Still far from the peak of the coronavirus and on the verge of the southern winter, Brazil is walking towards a perfect storm with the curve of the Covid-19 on the rise, the beginning of the influenza season, the end of the dengue fever and active outbreaks of other viruses that believed to be outdated, like measles.
As the intensive care units of the hospitals fill up, President Jair Bolsonaro continues to be engaged in a “political war” against the isolation measures of the regional governments and in favor of a return to normality.
In that crusade, two health ministers have already fallen in less than a month: Luiz Henrique Mandetta, staunch defender of quarantines, and Nelson Teich, who refused to recommend chloroquine for all types of patients with coronavirus, as the far-right leader wishes. .
Both were doctors and now, with the curve in full exponential escalation, the portfolio of Health is in the hands, on an interim basis, of Eduardo Pazuello, an Army general with no experience in the area.
Until this Saturday, Brazil registered 233,142 confirmed cases of Covid-19, already surpassing Italy and Spain, and 15,633 deaths, reinforcing itself as one of the global outbreaks of the pandemic.
The peak is expected to be reached in the coming weeks, although the coronavirus will not be the only health emergency that the precarious Brazilian public health system will have to face.
An “explosive” combination
The expansion of the coronavirus, which arrived in Brazil in February, occurs amid other infectious outbreaks that have been worrying health authorities.
The country is now overcoming the dengue peak, transmitted by the Aedes Aegypti mosquito, which is also a carrier of the Zika virus, yellow fever, and chikungunya, which is usually in April and May.
According to the last bulletin of the Ministry of Health, so far this year 676,928 probable cases of dengue have been reported, with an incidence rate of 322 cases per 100,000 inhabitants, and 265 deaths.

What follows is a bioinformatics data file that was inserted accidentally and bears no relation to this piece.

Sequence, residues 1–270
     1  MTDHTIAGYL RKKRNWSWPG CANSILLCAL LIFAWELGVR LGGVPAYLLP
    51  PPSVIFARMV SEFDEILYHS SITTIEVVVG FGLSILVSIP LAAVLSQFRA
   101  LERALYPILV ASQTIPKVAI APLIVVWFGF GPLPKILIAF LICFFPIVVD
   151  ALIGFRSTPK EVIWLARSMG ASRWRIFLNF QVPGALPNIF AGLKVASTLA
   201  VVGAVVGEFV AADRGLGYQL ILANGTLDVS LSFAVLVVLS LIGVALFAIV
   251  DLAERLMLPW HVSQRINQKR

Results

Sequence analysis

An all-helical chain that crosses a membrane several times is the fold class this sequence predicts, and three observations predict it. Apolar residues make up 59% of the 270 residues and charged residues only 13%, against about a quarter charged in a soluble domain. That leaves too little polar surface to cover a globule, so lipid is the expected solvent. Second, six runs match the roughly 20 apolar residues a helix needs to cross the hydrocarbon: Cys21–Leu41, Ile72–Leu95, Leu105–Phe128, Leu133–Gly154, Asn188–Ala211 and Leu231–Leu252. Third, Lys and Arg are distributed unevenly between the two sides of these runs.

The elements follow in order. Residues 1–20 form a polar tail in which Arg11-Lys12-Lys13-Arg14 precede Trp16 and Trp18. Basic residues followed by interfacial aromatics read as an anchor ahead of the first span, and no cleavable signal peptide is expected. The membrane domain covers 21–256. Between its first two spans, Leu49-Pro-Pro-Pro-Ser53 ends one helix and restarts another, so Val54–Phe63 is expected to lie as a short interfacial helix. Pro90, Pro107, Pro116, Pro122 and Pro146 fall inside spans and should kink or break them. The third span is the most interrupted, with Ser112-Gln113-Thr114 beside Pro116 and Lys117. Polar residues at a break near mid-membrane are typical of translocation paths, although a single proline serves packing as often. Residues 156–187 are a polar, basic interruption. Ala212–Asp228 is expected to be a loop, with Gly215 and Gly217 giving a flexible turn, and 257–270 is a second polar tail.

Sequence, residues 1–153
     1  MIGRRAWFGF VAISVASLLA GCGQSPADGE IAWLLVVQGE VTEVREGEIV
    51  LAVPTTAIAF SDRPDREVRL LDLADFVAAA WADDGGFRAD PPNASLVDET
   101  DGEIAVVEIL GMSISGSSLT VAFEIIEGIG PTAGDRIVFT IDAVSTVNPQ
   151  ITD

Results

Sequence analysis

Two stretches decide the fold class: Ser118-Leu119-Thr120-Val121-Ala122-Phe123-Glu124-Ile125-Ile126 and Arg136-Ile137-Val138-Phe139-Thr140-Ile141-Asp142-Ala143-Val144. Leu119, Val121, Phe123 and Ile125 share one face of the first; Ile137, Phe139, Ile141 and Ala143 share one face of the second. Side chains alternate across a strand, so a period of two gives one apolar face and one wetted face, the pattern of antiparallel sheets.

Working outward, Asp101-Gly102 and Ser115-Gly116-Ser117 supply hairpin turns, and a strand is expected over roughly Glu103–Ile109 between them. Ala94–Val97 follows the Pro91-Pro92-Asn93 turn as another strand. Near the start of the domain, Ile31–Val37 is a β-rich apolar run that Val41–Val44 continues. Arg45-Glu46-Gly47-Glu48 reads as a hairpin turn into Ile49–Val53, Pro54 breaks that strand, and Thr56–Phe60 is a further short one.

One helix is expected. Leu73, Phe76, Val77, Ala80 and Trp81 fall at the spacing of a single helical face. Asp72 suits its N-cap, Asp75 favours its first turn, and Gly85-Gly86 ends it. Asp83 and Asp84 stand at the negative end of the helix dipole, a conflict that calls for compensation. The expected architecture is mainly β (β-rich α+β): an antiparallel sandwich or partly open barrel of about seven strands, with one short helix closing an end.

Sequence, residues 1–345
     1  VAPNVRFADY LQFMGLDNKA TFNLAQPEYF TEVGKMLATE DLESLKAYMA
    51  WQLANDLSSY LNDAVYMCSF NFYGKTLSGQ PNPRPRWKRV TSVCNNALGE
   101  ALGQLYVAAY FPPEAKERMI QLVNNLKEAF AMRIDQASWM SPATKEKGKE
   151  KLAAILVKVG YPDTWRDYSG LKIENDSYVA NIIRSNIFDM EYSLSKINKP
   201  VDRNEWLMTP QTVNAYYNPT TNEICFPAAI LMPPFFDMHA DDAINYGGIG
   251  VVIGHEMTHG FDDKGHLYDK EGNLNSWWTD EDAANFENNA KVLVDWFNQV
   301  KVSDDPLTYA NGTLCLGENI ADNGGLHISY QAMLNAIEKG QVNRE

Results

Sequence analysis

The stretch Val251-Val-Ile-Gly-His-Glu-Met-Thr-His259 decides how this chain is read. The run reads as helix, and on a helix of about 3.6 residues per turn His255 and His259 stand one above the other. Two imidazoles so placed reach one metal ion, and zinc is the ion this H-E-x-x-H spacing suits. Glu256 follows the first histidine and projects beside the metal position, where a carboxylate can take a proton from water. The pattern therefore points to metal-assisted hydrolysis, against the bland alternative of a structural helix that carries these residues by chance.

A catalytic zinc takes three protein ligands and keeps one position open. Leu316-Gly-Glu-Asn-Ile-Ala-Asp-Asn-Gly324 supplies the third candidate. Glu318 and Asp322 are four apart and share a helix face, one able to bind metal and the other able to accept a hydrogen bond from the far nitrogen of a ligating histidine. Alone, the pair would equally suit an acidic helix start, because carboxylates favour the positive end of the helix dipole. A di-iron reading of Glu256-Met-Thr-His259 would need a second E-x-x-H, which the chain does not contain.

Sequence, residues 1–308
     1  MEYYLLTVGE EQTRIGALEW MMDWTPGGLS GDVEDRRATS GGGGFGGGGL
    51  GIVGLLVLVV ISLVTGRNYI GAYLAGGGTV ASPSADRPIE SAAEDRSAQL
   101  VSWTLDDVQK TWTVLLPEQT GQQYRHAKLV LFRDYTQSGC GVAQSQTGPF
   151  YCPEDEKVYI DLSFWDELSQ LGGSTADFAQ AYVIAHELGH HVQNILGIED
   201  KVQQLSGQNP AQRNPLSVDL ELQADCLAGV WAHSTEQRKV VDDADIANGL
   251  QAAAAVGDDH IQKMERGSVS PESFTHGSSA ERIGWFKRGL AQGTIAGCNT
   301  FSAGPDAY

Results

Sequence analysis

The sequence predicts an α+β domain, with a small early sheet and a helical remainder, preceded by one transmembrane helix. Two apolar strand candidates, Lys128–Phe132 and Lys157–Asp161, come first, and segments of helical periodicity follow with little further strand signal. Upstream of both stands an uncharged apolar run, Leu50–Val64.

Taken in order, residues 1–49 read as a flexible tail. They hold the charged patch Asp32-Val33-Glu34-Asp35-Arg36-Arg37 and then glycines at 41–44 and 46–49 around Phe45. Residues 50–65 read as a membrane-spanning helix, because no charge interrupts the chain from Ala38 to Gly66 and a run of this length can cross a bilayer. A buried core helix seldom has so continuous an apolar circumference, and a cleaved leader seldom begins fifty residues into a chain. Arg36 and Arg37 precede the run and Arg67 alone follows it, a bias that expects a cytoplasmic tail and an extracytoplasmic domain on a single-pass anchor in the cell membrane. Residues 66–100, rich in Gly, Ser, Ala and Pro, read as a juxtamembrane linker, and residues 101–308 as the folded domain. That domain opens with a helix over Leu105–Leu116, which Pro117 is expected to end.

As of June, with the arrival of the southern winter, dengue cases decrease, but those of common flu and other respiratory diseases rise.
In 2019, Brazil, which has a population of 210 million inhabitants, recorded 1,122 deaths from the three types of influenza, according to official data.
This year, influenza and dengue are added to the Covid-19 and with it the difficulty of differentiating each case, since the three viruses cause similar symptoms in the first days of the disease.
“That combination is quite explosive,” explains Dr. Adriano Massuda, professor of collective health at the Getulio Vargas Foundation (FGV) private study center.
Mauricio Lacerda, a researcher at the São Paulo State Research Amparo Foundation (FAPESP), works at the São José do Rio Preto hospital and assures that “the prospects are very bad” in the face of winter.
“Here in the hospital we already have influenza, Covid-19 and dengue patients, and we had deaths from all three. It is a very complicated situation” and that it “overloads” the public network, he told Efe.
To all this we must add measles outbreaks that are still active in the five regions of Brazil: north, northeast, center-west, southeast and south.
So far this year, 2,910 measles cases have been reported, almost half of them in the state of Pará, also one of the most affected by the coronavirus, and three deaths.
“Measles is coming back to Brazil, it has low immunization coverage and it may be just another problem,” says Massuda.
In 2019, there were 18,200 measles cases and 15 deaths across the country, 14 of which in Sao Paulo, today the Brazilian epicenter of Covid-19.
They denounce lack of investment in the health area
The challenge for the Unified Health System (SUS), which encompasses the entire network of public hospitals and on which 75% of Brazilians depend, will be enormous and even more so with the chronic financing problem it suffers.
For Massuda, the fiscal austerity policy, which began with the Michel Temer government (2016-2018) and continued with Bolsonaro, has aggravated that situation.
According to reports from human rights organizations, since a controversial budget spending ceiling was approved in late 2016, Brazil has stopped investing around R $ 30 billion in the health sector (today about R $ 5.17 billion).
Although the problem has dragged on from before, since, according to these calculations, between 2007 and 2019, the lack of resources has led to a reduction of 49,000 intensive care beds in the country.
“The laboratories of the public health system are dismantled and that is not six months ago, it is ten, fifteen years. That delayed the detection and diagnosis of the coronavirus and now the hospitals are going to pay a huge price,” says Lacerda.